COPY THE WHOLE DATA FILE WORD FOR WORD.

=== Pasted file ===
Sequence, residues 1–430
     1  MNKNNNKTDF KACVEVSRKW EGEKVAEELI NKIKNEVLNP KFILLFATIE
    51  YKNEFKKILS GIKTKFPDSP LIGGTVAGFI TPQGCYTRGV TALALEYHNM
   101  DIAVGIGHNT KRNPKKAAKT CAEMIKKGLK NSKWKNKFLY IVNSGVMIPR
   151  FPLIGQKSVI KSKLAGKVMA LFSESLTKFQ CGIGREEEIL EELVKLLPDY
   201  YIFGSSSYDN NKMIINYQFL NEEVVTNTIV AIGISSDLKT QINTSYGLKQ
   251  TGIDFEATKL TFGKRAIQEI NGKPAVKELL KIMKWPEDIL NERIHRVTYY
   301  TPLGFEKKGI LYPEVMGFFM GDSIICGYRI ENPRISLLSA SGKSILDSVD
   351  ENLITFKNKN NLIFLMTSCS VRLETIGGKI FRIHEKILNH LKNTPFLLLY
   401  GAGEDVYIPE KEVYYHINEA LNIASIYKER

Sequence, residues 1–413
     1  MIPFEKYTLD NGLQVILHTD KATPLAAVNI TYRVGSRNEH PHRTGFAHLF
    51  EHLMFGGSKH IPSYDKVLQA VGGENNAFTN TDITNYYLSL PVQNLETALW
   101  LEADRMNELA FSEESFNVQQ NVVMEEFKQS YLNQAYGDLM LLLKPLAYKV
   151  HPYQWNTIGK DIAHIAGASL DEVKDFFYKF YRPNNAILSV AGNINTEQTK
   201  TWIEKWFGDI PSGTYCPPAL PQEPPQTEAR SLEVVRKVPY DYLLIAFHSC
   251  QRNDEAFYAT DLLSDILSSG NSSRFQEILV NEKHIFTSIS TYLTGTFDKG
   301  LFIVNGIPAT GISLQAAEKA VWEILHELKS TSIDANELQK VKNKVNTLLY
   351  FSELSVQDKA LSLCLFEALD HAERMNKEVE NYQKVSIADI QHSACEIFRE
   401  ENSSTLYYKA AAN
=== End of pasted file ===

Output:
Sequence, residues 1–430
     1  MNKNNNKTDF KACVEVSRKW EGEKVAEELI NKIKNEVLNP KFILLFATIE
    51  YKNEFKKILS GIKTKFPDSP LIGGTVAGFI TPQGCYTRGV TALALEYHNM
   101  DIAVGIGHNT KRNPKKAAKT CAEMIKKGLK NSKWKNKFLY IVNSGVMIPR
   151  FPLIGQKSVI KSKLAGKVMA LFSESLTKFQ CGIGREEEIL EELVKLLPDY
   201  YIFGSSSYDN NKMIINYQFL NEEVVTNTIV AIGISSDLKT QINTSYGLKQ
   251  TGIDFEATKL TFGKRAIQEI NGKPAVKELL KIMKWPEDIL NERIHRVTYY
   301  TPLGFEKKGI LYPEVMGFFM GDSIICGYRI ENPRISLLSA SGKSILDSVD
   351  ENLITFKNKN NLIFLMTSCS VRLETIGGKI FRIHEKILNH LKNTPFLLLY
   401  GAGEDVYIPE KEVYYHINEA LNIASIYKER

Sequence, residues 1–413
     1  MIPFEKYTLD NGLQVILHTD KATPLAAVNI TYRVGSRNEH PHRTGFAHLF
    51  EHLMFGGSKH IPSYDKVLQA VGGENNAFTN TDITNYYLSL PVQNLETALW
   101  LEADRMNELA FSEESFNVQQ NVVMEEFKQS YLNQAYGDLM LLLKPLAYKV
   151  HPYQWNTIGK DIAHIAGASL DEVKDFFYKF YRPNNAILSV AGNINTEQTK
   201  TWIEKWFGDI PSGTYCPPAL PQEPPQTEAR SLEVVRKVPY DYLLIAFHSC
   251  QRNDEAFYAT DLLSDILSSG NSSRFQEILV NEKHIFTSIS TYLTGTFDKG
   301  LFIVNGIPAT GISLQAAEKA VWEILHELKS TSIDANELQK VKNKVNTLLY
   351  FSELSVQDKA LSLCLFEALD HAERMNKEVE NYQKVSIADI QHSACEIFRE
   401  ENSSTLYYKA AAN